The so-called ZEV Alliance announced a most ambitious goal late last year: eliminate the sale of traditionally fueled passenger cars by 2050.
Comprising California, Connecticut, Maryland, Massachusetts, New York, Oregon, Rhode Island, Vermont, Germany, Norway, the Netherlands, the United Kingdom, British Columbia and Quebec, the Zero-Emission Vehicle Alliance was formed to allow states and nations to swap ideas on how to better promote electric vehicles.
Already, ZEV markets in those cities and countries are the most successful in the world, representing almost 40 percent of global electric vehicle sales, though they constitute just 7 percent of the overall auto market. The partners say their pledge is an important way to promote a technology that could bring cleaner air locally while staving off climate change globally.
"We want to be action-oriented. We want to send a strong signal to all of the pieces of the zero-emission vehicle ecosystem that ZEVs are ready now as a climate change mitigation solution and there are government actors willing to support them," said Mark Wenzel, who manages the ZEV Alliance for the California Environmental Protection Agency.
But taking traditional vehicles off the market is still a tall order. Just last year, the United States fell nearly two-thirds short of an Obama administration goal to put 1 million electric cars on American roads by 2015 (Greenwire, May 21, 2015).
Auto industry leaders already doubt that the eight American members of the alliance have robust enough regulations for automakers to meet a pre-existing mandate to put 3.3 million ZEVs on the road by 2025, to say nothing of the 2050 ambition.
To meet the 2025 goals, each state must achieve different ZEV sales figures, depending on its population. In California, for example, automakers would have to sell 1.5 million more electric cars in just 10 years to comply with regulations — multiplying by 10 the number of ZEVs already on the road in that state.
Because of a quirk in the Clean Air Act, the eight alliance states all use the same ZEV regulations as California in order to achieve their numbers. Those regulations work as a cap-and-trade program for electric vehicles, requiring automakers to sell an increasing number of ZEVs over time and allowing automakers to buy credits from other companies if they can’t meet their numbers.
Even though states are part of a ZEV program, the regulation also assigns credits for "transitional zero-emission vehicles," like hybrids and other plug-in electrics that rely on both batteries and engines.
The California Air Resources Board says the inclusion works because companies receive credits based on how many miles each vehicle can drive without polluting. So while a pure electric car that can drive 200 miles between charges receives five credits, a hybrid would receive fewer credits based on the range it can travel on just battery power.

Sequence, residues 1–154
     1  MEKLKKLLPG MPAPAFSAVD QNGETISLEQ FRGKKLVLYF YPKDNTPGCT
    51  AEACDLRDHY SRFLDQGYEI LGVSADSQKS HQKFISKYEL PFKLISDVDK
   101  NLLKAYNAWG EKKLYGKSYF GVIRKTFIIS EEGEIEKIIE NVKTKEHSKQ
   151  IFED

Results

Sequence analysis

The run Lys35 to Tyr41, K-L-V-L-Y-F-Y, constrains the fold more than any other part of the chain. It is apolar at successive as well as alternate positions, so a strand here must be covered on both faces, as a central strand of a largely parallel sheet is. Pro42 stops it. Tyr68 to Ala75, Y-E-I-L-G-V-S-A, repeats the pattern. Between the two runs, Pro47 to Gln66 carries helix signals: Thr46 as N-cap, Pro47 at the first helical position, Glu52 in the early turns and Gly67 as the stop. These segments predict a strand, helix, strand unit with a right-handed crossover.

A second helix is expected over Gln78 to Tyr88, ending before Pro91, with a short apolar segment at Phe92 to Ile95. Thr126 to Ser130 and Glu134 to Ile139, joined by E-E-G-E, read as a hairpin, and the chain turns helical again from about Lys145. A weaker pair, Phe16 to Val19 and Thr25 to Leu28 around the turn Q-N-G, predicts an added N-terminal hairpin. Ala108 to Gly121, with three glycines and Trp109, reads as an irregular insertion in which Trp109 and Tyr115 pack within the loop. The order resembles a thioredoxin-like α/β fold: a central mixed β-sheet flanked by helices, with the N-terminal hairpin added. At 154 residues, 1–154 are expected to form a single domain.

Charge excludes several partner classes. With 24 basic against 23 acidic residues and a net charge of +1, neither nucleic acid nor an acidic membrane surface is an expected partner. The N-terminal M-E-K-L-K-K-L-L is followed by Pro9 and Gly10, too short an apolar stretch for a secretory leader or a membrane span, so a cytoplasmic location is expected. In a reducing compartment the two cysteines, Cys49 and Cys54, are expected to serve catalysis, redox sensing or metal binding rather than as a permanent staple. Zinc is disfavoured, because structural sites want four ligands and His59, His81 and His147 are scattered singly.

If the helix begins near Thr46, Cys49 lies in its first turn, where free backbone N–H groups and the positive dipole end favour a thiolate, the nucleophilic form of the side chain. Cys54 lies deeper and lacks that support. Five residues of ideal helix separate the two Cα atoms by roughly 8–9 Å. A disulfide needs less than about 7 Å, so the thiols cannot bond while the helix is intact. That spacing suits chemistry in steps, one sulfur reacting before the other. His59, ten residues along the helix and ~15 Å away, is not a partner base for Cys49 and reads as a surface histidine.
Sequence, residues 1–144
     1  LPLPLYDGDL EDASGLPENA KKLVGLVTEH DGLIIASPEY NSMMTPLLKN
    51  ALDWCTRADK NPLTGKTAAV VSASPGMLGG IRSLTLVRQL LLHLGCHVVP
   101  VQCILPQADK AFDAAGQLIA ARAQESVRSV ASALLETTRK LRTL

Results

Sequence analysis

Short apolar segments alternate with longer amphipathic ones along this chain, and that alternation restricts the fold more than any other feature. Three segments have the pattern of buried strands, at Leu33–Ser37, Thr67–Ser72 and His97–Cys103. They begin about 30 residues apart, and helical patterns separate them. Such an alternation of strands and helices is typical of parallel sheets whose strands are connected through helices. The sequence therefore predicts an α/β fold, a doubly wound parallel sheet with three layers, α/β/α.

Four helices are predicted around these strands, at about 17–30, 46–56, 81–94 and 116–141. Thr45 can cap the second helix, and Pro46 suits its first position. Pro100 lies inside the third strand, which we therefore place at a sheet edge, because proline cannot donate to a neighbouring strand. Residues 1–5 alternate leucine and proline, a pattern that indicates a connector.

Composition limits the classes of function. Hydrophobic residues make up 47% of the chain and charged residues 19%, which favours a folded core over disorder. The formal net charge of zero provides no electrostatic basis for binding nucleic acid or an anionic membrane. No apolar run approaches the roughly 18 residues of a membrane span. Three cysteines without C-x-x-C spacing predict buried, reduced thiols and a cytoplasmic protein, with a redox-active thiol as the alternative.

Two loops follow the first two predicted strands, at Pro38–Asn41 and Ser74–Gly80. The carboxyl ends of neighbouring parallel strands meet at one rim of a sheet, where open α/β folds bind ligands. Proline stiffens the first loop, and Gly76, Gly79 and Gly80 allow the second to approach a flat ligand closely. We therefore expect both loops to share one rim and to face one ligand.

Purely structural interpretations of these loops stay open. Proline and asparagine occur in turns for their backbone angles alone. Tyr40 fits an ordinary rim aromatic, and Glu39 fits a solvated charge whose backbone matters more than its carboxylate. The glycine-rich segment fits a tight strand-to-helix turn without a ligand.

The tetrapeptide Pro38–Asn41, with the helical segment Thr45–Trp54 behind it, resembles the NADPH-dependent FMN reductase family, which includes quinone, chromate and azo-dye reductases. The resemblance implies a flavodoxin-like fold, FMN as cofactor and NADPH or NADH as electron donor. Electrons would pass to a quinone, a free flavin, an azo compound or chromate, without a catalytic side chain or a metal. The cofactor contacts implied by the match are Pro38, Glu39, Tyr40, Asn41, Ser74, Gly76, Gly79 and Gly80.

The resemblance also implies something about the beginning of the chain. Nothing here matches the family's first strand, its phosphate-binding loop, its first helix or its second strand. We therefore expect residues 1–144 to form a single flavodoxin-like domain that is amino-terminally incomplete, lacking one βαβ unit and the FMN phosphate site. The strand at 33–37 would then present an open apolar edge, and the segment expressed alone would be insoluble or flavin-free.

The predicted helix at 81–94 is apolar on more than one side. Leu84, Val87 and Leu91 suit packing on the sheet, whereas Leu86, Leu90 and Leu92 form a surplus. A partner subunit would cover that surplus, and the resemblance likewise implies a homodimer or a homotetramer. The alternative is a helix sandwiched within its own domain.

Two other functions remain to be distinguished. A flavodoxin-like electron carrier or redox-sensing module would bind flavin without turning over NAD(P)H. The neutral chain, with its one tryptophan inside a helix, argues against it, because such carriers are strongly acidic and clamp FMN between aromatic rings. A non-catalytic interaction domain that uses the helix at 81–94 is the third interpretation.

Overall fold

Some experts, like Tesla Motors Inc. Vice President of Development Diarmuid O’Connell, say that by including hybrids, the regulations meant to incentivize companies to develop ZEVs actually give them a pass.
"The goal that the ARB stipulated is zero-emissions vehicles, and hybrids and plug-ins do not have zero emissions," he said. "It’s a half step toward a future we need to bring forward very quickly in order to address climate change."
Regulatory requirements under the ZEV program will start accelerating in 2018, with automakers required to accumulate more credits based on their market share while the maximum number of credits per vehicle drops. In 2018, for example, a pure ZEV with a range of 350 miles between charges would receive the maximum of four credits.
O’Connell says the current regulations set the bar too low, allowing automakers to meet ZEV standards by buying credits instead of selling more electric cars. In fact, Tesla analysis shows that automakers have enough credits that they would only need to maintain their current annual sales rate through 2022 to comply with the law, bringing fewer than 100,000 new vehicles onto the road annually.
Tesla itself has earned more than $534 million since 2009 for selling its credits to automakers. In the first quarter of 2015, credit sales amounted to 7 percent of the company’s $940 million revenue. And with the company planning to boost its annual California sales by 2020, O’Connell says the market will continue to be flooded with credits unless regulators quadruple requirements through 2025.
"Tesla was never imagined when these regulations were put in place, and we are basically causing inflation in this market," he said. "We got into this business to build electric vehicles, not to sell credits. Even so, it’s hard to imagine us building all the electric vehicles the country would need. Part of our strategy is to get other companies into this space."
ARB disputes Tesla’s calculations. Agency spokesman Dave Clegern says it is unrealistic to think that annual sales would stagnate for 10 years.